No Jerking, Shuddering or Noise, Please
My drive in the Waterloo vehicle followed another week of testing, this time at GM’s Milford Proving Ground, outside Detroit. The tests were modeled on the same challenges that any new production vehicle must meet: smooth and consistent drivability under all circumstances, without jerking, shuddering, or power-train noise; brakes that last through repeated hard stops from high speed; the ability to tow a trailer weighing 500 kilograms or more; air-conditioning that works flawlessly; ultrareliable accessories like electric windows and navigation system; high-quality interior trim and appointments; and so on.
Unlike last year, this summer the winning vehicles were pretty close to showroom-ready. Mississippi State University, the surprise come-from-behind victor over last year’s second-place University of Wisconsin-Madison team produced a vehicle so professional that it could easily have appeared on a dealer’s floor—assuming the multicolor paint job and 30 or so sponsor logos were removed. A neat cover shrouded its direct-injection 1.9-liter turbo diesel engine, and the batteries for its hybrid electric drive fit beneath the floor of the load bay, eliminating any compromise in load space. (The battery pack occupied the former spare-tire well, as all 17 teams were equipped with identical run-flat tires.) In fact, Mississippi managed to increase rear load space; they cleverly fitted updated, less intrusive interior panels from a 2007 Equinox. Their vehicle performed on the road, too, achieving a 48 percent reduction in fuel usage over the baseline unmodified 2005 Equinox.
”Most of the teams finished most of the events, but that wasn’t enough--we found the level of competition unexpectedly high”--
Eric ”Hot Shot” Schacht, Ohio State University
But the competition was fierce, and the two top teams were separated by merely 7 points out of a possible 1000: Mississippi scored 895.5, Wisconsin 888.3. Last year’s winner, Virginia Tech got 809 points, only enough this year to take third. As Ohio State’s Eric ”Hot Shot” Schacht put it, ”Most of the teams finished most of the events, but that wasn’t enough—we found the level of competition unexpectedly high.”
Like any competition, this one had its share of mishaps. Virginia Tech broke a half-shaft during the trailer tow. A pipe ruptured in Michigan State’s unique hydraulic hybrid, making quite a mess on GM’s test track. And the Waterloo team persevered through a series of freak accidents that earned it other teams’ astounded sympathy. During the first day’s first inspection, a hydraulic lift malfunctioned and the vehicle slipped sideways, damaging an expensive custom-made carbon-fiber doorsill. Then, in on-road testing, the suction cup holding the tester’s accelerometer to the windshield failed—dropping the instrument directly onto the dash-top kill switch, cracking its housing and triggering a full shutdown of the batteries and fuel cell at speed.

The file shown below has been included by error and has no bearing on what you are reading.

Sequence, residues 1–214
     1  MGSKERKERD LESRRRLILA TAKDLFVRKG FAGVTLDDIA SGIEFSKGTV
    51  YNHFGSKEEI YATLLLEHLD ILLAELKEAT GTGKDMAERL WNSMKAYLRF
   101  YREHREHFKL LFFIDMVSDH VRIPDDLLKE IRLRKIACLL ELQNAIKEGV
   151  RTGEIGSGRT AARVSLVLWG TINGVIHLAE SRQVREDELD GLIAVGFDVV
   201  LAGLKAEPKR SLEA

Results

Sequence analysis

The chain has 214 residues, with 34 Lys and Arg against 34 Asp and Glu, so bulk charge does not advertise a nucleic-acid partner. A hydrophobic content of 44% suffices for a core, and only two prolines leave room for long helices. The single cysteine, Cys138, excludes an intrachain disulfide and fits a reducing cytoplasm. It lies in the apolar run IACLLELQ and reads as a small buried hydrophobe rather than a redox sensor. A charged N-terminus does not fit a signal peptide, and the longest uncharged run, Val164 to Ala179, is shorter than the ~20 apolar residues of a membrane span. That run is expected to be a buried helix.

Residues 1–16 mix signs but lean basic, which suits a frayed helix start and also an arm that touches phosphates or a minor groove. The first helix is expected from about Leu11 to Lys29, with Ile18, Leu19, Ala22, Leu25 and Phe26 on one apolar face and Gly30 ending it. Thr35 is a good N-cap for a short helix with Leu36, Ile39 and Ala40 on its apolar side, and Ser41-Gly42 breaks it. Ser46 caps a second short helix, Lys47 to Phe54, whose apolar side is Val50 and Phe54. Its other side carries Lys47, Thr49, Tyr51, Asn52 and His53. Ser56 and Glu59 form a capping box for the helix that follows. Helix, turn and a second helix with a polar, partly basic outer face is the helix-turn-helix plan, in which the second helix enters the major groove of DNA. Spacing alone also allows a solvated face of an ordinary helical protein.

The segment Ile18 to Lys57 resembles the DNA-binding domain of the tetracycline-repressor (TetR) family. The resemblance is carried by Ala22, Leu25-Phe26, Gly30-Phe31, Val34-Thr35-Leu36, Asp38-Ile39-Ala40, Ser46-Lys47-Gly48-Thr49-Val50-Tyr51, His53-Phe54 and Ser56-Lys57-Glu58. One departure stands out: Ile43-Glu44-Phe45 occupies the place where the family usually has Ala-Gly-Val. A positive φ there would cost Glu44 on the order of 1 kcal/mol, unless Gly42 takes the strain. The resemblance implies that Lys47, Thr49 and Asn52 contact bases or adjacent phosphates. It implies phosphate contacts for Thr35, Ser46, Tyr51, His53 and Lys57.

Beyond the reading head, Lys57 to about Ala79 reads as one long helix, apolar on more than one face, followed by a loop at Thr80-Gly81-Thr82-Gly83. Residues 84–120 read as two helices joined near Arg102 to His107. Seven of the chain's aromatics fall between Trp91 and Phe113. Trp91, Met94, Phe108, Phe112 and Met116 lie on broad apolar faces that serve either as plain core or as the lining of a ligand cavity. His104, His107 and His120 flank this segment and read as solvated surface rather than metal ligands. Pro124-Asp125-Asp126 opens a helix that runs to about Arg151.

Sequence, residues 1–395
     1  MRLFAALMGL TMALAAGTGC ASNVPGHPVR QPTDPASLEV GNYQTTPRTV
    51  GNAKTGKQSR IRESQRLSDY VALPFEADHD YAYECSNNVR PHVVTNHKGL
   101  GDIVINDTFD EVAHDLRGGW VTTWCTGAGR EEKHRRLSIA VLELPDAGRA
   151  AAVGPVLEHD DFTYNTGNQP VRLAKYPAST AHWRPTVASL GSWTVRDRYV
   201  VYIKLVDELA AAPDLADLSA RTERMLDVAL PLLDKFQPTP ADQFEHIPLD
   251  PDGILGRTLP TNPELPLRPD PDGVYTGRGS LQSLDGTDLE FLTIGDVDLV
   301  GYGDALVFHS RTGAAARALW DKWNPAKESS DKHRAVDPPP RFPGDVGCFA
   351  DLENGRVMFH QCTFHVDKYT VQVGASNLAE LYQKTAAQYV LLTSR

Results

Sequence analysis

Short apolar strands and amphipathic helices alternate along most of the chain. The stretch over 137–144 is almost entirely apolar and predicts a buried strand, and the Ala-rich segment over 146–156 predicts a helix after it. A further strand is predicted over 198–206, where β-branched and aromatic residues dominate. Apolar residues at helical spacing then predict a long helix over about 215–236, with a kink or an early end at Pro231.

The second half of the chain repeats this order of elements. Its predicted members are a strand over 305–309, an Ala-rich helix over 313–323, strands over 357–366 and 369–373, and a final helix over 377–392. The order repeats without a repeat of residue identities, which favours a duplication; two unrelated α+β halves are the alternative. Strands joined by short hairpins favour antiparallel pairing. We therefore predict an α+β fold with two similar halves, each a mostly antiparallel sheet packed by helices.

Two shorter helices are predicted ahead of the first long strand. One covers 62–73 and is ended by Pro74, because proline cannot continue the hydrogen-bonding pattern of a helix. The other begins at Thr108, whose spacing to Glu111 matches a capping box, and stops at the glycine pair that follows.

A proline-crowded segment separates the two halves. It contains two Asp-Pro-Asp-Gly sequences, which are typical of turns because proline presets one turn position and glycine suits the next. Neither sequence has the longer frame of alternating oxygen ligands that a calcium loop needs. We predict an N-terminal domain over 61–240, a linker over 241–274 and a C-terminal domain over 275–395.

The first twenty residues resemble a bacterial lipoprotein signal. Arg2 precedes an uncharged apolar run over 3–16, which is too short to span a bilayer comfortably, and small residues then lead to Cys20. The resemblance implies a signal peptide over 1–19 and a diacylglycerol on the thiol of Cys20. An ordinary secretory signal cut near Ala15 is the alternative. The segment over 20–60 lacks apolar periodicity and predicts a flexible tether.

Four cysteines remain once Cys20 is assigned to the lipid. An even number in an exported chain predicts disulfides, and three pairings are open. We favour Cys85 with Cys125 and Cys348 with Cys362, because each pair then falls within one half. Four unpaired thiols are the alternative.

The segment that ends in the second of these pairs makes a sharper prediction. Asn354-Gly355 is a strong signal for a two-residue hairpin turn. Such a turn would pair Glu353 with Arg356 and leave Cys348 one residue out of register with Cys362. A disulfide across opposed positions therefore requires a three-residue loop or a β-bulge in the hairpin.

Weight Loss and Plastic Surgery
But such events are a standard part of development. And it had been a busy year of modifications, with every team tweaking, replacing, improving, and refining dozens of components, major and minor. Michigan Technological University, for example, cut its estimated coefficient of drag from 0.42 to 0.36 by adding rear-wheel-well covers (or ”spats”) and modifying the front air dam, to cut fuel usage at high speed and reduce wind noise. Wisconsin reduced the number of cells in its battery from 44 to 40, letting it restore rear load volume to standard. Penn State cut 5 kg from each disc brake by creating titanium rotors mounted on aluminum hubs.
Waterloo shaved the weight of its very heavy—and heavily modified—fuel cell vehicle by using carbon fiber for the hood (dropping it from 23 to 8 kg), creating a new wiring harness with 22-gauge wire rather than 18-gauge (8 more kg), moving the voltage controller (eliminating 7 kg of heavy cable), and so on. The final vehicle weighed in at 2173 kg, merely 4 kg under the maximum 2177 kg.
And that year of refinement really brought results. In drive after drive, the mongrelized SUVs—most with new engines, hybrid-electric drive added, and a plethora of sophisticated new systems—ran almost like production vehicles. One giveaway was the six-speed manual transmission used by many: Few North American SUVs even offer manuals. Diesel clatter was another telltale, though some teams muffled it better than others, with Ohio State’s active-damping of engine vibrations winning it the lowest-noise prize.
For all the teams, said on-site organizer Steve Gurski of Argonne National Laboratory’s Transportation Technology R&D Center, which coordinates the event, the biggest engineering challenge proved to be ”mimicking GM’s high-speed LAN protocols” after replacing the engine and adding new components. He stressed the enormous time it took to ensure compatibility among the control modules for new, more complicated hardware (battery packs and one or more electric motors) whose components had to interact frequently to provide smooth operation under any conceivable driving pattern.